By the time the smoke cleared at Bull Run, one thing was certain for P.G.T. Beauregard. He was now the South’s premiere military hero. In the months after songs and poetry would be written about him. Letters from admirers, many of them female, flooded in. His image was everywhere, and many a Confederate named their child after him.
Soon those honors faded. Beauregard found himself second in command to Joseph E. Johnston, posted on the very field where he had won glory. His advice was ignored and in time his good relationship with Jefferson Davis turned into one of mutual suspicion. Davis tired of the bickering and knew his political enemies and rivals were rallying to Beauregard. The Creole general was tired of his plans being ignored. When he asked for a transfer to New Orleans he was denied, told he was needed in Virginia.
Still, Beauregard remained popular. When sent west to help Albert Sidney Johnston, he was greeted with cheers everywhere he went. He then oversaw a concentration of troops at Corinth and planned an offensive aimed at Shiloh Church, where Ulysses S. Grant had his Army of West Tennessee. One bold stroke could turn the tide.
From there, much went wrong. The march to Shiloh was delayed by weather, terrain, a complicated plan of march, and the inexperience of the army. The attack, meant to happen on April 4, was delayed to April 5 and then April 6. Beauregard advised Johnston to turn back, but to no avail. The next day the Rebels attacked, a battle Beauregard did not want. He then got command of the army when Johnston bled to death after leading a successful assault. By then it was almost too late. The sun was dipping in the west and Don Carlos Buell’s Army of the Ohio was on its way, its soldiers arriving just as the first day’s battle was ending. The next day Grant and Buell struck. After a few hours of fierce fighting the Confederates withdrew south. Shiloh, the bloodiest battle to that point, was over.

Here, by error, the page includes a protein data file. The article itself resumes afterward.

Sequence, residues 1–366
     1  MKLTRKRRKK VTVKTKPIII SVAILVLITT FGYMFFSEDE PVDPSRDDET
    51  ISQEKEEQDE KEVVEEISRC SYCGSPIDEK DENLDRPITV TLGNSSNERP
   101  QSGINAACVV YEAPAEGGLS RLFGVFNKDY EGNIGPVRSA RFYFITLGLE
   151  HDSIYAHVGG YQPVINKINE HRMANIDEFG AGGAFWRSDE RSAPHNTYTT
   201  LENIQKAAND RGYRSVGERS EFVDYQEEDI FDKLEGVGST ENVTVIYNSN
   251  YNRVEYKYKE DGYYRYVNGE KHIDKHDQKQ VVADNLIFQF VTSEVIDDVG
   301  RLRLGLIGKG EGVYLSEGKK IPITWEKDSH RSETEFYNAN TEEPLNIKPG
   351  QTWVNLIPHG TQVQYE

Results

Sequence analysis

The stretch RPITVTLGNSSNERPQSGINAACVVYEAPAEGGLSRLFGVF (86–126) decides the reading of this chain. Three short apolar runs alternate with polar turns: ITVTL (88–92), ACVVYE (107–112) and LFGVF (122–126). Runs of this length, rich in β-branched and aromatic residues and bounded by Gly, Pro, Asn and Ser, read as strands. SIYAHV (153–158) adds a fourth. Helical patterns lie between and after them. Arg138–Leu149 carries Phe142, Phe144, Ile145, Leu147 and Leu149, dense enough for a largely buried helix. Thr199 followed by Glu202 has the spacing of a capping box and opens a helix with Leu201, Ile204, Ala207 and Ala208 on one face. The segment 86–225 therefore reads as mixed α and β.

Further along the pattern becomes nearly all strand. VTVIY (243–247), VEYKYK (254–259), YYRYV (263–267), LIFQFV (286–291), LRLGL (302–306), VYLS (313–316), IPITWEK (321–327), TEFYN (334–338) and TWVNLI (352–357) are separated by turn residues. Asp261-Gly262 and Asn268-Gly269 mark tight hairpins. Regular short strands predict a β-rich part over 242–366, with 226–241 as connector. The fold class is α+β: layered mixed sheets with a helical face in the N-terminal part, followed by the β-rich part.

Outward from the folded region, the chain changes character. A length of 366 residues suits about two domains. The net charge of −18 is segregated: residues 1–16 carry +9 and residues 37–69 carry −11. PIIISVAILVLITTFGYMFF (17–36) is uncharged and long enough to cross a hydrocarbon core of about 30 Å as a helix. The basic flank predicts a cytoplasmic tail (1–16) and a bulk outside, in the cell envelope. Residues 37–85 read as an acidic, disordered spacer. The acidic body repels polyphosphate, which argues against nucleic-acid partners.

Beauregard had been unlucky. He found himself leading an army in a battle he did not want and when the chance for victory was diminished. A rebel attack on April 4 or 5 could have succeeded. By April 6 Buell was too near and enough Federals were wary of a Confederate attack to ensure that April 6 was not a complete surprise. Just as bad, Beauregard replaced Johnston, Davis’ ideal of a soldier and friend. Davis and many would forever think that if Johnston had lived then Shiloh, and possibly the war, would have been won. The analysis was dubious, but the sentiment was sincere.
After losing Corinth in a near impossible situation, Beauregard was removed. By then Robert E. Lee, “Stonewall” Jackson, and “Jeb” Stuart had become the new darlings. Beauregard was out of fashion, a relic of 1861, when the war was still a grand pageant, the bloodshed of Bull Run, Wilson’s Creek, and Belmont notwithstanding. Sent to Charleston, Beauregard held the city in 1863, winning the Confederacy’s only major strategic victory in a year defined by defeats at Vicksburg, Gettysburg, Port Hudson, and Chattanooga. Beauregard returned to Virginia and won battles at Drewry’s Bluff and Ware Bottom Church, but not enough to impress Davis. He held Petersburg in a four day battle, most of it fought against terrible odds. A few noticed, but Davis’ antipathy remained. After losing a close fight at Globe Tavern, he was sent to oversee the western theater, a nearly hopeless task. Beauregard had the impossible job of trying to stop William Tecumseh Sherman as he tore through Georgia and South Carolina. Beauregard was partially blamed and found himself under the Joseph Johnston again. His last contribution to the war was telling Davis the Confederacy was lost.